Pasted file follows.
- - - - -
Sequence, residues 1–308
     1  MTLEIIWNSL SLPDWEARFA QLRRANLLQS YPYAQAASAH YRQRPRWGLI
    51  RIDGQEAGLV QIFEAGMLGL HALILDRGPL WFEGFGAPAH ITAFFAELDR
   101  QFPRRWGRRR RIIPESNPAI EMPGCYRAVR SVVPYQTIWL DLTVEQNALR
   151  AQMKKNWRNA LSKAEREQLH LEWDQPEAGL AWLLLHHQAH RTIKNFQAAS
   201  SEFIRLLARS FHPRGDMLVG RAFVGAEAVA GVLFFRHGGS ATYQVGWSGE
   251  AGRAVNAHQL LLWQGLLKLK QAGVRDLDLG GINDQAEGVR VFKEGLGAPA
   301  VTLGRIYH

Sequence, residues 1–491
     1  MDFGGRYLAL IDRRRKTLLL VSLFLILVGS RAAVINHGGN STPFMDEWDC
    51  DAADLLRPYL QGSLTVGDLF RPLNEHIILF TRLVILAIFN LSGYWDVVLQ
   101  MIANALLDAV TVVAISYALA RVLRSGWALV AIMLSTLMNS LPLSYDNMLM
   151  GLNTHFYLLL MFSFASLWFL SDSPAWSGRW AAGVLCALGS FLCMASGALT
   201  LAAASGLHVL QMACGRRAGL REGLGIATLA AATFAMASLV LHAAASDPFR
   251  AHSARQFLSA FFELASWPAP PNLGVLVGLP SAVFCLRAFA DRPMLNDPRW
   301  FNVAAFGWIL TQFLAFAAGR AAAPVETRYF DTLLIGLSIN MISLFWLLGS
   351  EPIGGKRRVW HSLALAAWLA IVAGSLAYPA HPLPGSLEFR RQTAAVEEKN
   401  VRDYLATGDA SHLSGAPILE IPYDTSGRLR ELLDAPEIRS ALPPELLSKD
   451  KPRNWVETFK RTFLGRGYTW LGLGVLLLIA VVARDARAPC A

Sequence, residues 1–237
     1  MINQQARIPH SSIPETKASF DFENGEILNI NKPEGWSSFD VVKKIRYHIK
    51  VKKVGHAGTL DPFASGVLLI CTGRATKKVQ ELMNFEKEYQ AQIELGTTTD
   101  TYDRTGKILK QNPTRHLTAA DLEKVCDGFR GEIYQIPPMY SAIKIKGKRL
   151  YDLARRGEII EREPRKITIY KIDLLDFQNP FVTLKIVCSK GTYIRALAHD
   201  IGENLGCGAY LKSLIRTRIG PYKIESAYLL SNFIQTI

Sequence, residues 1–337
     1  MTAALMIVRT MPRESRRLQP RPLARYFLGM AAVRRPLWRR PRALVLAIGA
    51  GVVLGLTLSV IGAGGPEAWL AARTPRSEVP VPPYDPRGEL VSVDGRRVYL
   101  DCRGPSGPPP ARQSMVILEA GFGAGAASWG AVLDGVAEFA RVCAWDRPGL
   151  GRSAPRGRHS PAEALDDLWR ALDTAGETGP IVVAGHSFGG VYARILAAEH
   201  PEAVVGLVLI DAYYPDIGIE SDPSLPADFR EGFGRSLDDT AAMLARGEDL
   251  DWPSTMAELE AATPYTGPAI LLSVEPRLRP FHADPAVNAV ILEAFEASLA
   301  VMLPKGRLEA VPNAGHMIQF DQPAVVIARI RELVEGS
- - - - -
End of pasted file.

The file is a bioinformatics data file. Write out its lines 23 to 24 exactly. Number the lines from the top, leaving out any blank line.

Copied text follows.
   101  TYDRTGKILK QNPTRHLTAA DLEKVCDGFR GEIYQIPPMY SAIKIKGKRL
   151  YDLARRGEII EREPRKITIY KIDLLDFQNP FVTLKIVCSK GTYIRALAHD